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International Journal of Medicinal Mushrooms
Facteur d'impact: 1.423 Facteur d'impact sur 5 ans: 1.525 SJR: 0.431 SNIP: 0.661 CiteScore™: 1.38

ISSN Imprimer: 1521-9437
ISSN En ligne: 1940-4344

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International Journal of Medicinal Mushrooms

DOI: 10.1615/IntJMedMushr.v13.i2.40
pages 121-130

In Vitro Antitumor Activity and Structure Characterization of Ethanol Extracts from Wild and Cultivated Chaga Medicinal Mushroom, Inonotus obliquus (Pers.:Fr.) Pilát (Aphyllophoromycetideae)

Yong Sun
Laboratory for Biotechnology of Medicinal Plants of Jiangsu Province, Xuzhou Normal University, Xuzhou
Ting Yin
Laboratory for Biotechnology of Medicinal Plants of Jiangsu Province, Xuzhou Normal University, Xuzhou
Xian-Hui Chen
Laboratory for Biotechnology of Medicinal Plants of Jiangsu Province, Xuzhou Normal University, Xuzhou
Gong Zhang
University of Winnipeg, Manitoba, Canada
Rempel B. Curtis
Richardson Center for Functional Foods and Nutraceuticals, University of Manitoba, Manitoba, Canada
Zhan-Hui Lu
Department of Food Science and Engineering, China Agricultural University, Beijing
Ji-Hong Jiang
Key Laboratory for Biotechnology on Medicinal Plants of Jiangsu Province, Jiangsu Normal University, Xuzhou, China

RÉSUMÉ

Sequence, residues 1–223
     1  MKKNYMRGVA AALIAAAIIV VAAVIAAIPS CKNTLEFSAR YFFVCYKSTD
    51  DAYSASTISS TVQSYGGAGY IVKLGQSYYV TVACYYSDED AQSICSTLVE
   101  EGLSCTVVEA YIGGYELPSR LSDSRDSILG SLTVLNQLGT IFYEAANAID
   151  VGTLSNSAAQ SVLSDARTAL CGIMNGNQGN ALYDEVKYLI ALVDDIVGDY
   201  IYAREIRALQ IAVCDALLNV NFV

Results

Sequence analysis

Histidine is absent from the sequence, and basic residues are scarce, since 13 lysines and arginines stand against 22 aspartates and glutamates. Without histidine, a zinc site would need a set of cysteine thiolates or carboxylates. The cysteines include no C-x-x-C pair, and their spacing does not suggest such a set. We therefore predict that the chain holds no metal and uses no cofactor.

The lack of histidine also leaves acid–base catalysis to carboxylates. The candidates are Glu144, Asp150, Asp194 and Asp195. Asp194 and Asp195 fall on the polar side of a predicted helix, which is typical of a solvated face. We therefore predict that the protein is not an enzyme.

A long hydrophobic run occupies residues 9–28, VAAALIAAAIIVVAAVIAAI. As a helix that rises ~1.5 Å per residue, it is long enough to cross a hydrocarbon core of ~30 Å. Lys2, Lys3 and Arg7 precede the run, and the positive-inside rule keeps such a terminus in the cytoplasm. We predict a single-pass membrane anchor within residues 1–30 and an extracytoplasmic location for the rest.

Inonotus obliquus (Pers.:Fr.) Pilat has been traditionally used as a folk remedy for treatment of cancers, cardiovascular disease and diabetes in Russia, Poland, and most of the Baltic countries, but natural reserves of this fungus have nearly been exhausted. This study was designed to investigate the artificial cultivation of I. obliquus and the antitumor activity of its tissues. The ethanol extract of cultivated sclerotium had the highest cell growth inhibitory rate (74.6%) as determined by an 3-(4, 5-dimethylthiazol-2-yl)-2, 5-diphenyltetrazolium bromide (MTT) assay. 78% of the bags produced sclerotia and only 6.17 g/bag of sclerotium was obtained. Extracts of the cultivated fruiting body showed 44.2% inhibitory activity against tumor cells. However, the yield was as high as 18.24 g/bag, and 98% of the bags produced fruiting body. The results of gas chromatography-mass spectroscopy (GC-MS) showed that similar compounds were extracted from the wild and cultivated samples. The principal compounds observed were lanosterol, inotodiol, and ergosterol. Their percentages of the mass fraction were 86.1, 59.9, and 71.8% of the total, for the wild sclerotium, cultivated sclerotium, and cultivated fruiting body, respectively. Ergosterol was found to be much higher (27.32%) in cultivated fruiting body. We conclude that cultivated fruiting body of I. obliquus obtained by inoculation of the substrate with spawn mycelium of the fifth generation could serve as an ideal substitute for the wild I. obliquus.